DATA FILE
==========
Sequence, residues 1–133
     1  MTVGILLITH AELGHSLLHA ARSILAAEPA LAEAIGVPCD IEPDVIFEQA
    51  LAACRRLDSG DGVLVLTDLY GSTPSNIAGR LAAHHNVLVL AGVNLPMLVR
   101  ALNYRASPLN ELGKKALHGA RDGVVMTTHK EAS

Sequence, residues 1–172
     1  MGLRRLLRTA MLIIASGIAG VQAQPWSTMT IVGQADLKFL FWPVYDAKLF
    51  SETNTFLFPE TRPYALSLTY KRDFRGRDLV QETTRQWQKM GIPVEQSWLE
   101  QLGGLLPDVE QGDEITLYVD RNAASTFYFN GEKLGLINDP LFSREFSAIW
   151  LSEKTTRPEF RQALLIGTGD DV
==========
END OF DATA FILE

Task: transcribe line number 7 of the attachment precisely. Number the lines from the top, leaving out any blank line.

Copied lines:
    51  SETNTFLFPE TRPYALSLTY KRDFRGRDLV QETTRQWQKM GIPVEQSWLE